By PAULENE MARIGIE V. SANCHEZ and MONICA ANDREA T. TRIA
With reports from Jonas Alpasan
MANILA – Filipino progressives noted how President Ferdinand Marcos Jr. used his inaugural speech to honor his father, the late dictator Marcos Sr., while “conveniently avoiding any mention of the fascist dictatorship Marcos. Sr. is most notorious for.”
“He was very selective in what he wanted to highlight with his father’s so-called achievements, and even those need to be fact-checked and not be taken as gospel truth,” said Renato Reyes Jr., secretary-general of Bagong Alyansang Makabayan.
Today, June 30, Marcos Jr. was inaugurated as the country’s 17th president in the National Museum of Fine Arts. Here, he emphasized that he was not to discuss the past but the country’s future. His road to the presidency, critics said, was built on massive fraud and disinformation, particularly on the whitewashing of the horrors of the nearly two decades of Martial law rule under his parents.
“Marcos, Jr. tells us he shares the same dream as the ordinary Filipino but he omits mention of his privileged position. The major issues such as high oil prices, crushing taxes, low wages, and human rights were altogether ignored or left out,” Reyes added.
Plans for PH?
In his inaugural speech, Marcos Jr. said that while he did not want to delve into the past. Yet, he repeatedly mentioned his father’s supposed legacy.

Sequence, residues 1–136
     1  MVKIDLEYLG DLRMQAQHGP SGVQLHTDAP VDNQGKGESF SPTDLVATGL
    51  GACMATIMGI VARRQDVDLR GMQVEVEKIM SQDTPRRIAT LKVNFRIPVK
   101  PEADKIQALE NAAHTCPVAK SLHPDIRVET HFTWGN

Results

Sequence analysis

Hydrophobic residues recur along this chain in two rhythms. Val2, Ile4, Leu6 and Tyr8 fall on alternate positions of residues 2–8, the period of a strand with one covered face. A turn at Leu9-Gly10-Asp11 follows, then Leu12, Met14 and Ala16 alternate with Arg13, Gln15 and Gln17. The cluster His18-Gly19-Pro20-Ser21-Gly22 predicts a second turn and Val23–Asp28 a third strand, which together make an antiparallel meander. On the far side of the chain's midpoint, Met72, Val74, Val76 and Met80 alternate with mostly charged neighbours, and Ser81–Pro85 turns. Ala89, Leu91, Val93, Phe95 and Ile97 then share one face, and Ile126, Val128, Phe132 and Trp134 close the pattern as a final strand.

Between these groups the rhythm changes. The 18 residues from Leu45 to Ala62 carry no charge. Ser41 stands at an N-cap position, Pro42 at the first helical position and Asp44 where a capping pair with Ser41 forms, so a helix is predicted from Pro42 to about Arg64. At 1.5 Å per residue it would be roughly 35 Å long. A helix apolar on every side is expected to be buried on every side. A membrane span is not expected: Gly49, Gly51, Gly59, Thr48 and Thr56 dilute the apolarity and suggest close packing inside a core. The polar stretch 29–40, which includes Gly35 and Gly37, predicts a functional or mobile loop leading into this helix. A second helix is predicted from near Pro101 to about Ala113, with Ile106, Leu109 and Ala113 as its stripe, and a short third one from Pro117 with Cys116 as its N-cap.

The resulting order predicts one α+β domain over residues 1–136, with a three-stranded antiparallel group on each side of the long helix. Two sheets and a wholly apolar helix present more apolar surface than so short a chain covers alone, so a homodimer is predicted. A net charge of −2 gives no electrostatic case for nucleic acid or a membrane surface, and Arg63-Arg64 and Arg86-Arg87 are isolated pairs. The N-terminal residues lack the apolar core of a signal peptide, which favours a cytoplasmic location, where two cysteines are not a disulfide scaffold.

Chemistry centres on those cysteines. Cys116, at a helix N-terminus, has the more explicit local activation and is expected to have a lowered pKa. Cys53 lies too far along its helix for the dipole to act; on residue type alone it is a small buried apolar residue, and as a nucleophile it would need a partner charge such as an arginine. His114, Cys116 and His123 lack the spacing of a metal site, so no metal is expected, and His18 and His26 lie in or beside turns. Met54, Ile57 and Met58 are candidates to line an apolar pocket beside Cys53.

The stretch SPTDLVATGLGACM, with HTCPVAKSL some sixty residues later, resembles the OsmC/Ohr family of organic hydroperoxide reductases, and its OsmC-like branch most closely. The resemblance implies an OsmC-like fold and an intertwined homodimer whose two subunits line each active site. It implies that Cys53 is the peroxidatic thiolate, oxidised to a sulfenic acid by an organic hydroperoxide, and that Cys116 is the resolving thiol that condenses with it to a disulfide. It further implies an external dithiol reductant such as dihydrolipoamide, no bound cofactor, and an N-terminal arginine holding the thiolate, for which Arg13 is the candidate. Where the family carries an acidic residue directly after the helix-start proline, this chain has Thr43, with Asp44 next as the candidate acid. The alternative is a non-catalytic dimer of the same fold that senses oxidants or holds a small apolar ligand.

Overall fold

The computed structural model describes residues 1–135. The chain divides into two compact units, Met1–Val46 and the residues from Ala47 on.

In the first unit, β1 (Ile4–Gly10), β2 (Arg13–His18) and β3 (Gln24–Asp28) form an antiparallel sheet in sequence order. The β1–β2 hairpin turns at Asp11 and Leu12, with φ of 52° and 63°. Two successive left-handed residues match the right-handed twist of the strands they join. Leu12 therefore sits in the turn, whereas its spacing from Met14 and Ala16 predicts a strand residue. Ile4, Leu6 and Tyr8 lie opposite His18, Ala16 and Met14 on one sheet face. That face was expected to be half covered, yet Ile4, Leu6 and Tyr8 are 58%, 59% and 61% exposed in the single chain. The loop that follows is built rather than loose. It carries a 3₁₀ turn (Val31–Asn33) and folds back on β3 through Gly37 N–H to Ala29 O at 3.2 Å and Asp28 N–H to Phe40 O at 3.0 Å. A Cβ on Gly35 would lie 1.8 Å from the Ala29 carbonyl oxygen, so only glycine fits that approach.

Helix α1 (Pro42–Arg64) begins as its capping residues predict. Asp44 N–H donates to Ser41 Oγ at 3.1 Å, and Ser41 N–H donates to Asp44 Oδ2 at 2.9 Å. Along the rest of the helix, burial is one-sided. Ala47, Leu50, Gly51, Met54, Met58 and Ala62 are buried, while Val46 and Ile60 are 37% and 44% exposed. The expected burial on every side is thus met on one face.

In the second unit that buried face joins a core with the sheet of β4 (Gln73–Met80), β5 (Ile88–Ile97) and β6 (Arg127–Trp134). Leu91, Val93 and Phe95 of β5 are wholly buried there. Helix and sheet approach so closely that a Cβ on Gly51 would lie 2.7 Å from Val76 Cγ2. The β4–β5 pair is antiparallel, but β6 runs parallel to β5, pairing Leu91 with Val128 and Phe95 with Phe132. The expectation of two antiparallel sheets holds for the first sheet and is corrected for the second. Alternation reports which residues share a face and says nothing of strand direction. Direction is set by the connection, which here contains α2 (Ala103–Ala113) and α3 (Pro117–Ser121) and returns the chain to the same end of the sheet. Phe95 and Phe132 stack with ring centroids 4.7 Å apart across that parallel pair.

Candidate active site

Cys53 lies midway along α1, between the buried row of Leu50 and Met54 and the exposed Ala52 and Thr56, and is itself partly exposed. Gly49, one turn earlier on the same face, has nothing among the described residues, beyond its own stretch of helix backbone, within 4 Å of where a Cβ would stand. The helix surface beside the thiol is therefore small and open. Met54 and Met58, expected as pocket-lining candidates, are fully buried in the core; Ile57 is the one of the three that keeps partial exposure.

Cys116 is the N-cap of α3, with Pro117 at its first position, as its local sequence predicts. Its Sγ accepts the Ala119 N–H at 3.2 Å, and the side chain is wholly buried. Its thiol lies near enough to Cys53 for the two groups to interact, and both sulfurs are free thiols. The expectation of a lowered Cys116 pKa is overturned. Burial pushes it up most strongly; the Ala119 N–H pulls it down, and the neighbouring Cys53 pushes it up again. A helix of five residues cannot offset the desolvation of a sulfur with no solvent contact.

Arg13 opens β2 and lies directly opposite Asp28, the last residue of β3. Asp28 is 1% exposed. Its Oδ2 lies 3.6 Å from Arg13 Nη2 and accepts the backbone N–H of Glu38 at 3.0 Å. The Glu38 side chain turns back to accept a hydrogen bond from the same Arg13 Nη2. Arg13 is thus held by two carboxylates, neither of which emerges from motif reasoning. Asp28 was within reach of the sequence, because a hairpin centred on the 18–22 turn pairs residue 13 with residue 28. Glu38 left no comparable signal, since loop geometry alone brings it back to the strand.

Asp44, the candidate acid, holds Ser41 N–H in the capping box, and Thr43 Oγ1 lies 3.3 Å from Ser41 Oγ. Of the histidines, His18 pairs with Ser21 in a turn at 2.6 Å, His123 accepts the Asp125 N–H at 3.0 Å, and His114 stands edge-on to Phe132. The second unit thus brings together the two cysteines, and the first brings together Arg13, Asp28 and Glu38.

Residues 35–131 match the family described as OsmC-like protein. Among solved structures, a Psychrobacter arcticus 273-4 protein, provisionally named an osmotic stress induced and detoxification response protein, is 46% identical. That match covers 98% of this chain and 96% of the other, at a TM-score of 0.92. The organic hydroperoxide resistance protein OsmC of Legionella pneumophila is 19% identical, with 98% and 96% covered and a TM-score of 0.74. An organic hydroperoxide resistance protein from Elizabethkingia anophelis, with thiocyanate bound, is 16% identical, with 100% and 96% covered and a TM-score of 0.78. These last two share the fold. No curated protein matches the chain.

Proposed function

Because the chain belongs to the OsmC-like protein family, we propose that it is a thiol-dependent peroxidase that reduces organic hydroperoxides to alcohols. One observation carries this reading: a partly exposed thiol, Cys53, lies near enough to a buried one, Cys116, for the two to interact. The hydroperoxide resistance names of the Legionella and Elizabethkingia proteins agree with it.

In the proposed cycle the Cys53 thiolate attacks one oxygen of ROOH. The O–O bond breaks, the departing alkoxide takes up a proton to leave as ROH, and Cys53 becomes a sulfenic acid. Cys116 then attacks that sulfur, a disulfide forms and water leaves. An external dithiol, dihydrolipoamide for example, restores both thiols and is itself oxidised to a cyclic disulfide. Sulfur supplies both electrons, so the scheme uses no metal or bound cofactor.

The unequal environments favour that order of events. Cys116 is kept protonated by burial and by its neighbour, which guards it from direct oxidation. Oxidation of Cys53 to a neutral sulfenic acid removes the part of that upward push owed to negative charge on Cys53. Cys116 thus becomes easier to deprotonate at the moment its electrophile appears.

“I once knew a man who saw what little had been achieved since independence in a land filled with people with the greatest potential for achievement, and yet they were poor. But he got it done. Sometimes, with the needed support. Sometimes, without. So, will it be with his son. You will get no excuses from me,” he said.
However, Reyes noted that he gave to provide concrete programs on how he intends to do so, adding that the people “will have to wait until the incoming regime gets its act together.”
Meanwhile, ACT Teachers Partylist Rep. France Castro said that while it is good to look forward “we should not forget the past so that the mistakes then will not be repeated and the atrocities done in yesteryears would be brought to justice.”
She added that the youth must be taught “about the past and hone their critical thinking as well as improve their lessons. We can do this by reviewing the K-12 program at the minimum or repealing it entirely.”
In a Facebook post, National Union of Peoples’ Lawyers president Edre Olalia said that the people do not need “elegant but worn-out rhetoric.”
“We basically heard it all before more than half a century ago,” he said, adding that the “mantra of unity is but a tired cliche and cosmetization for continuing impunity for past, present and even the future wrongs.”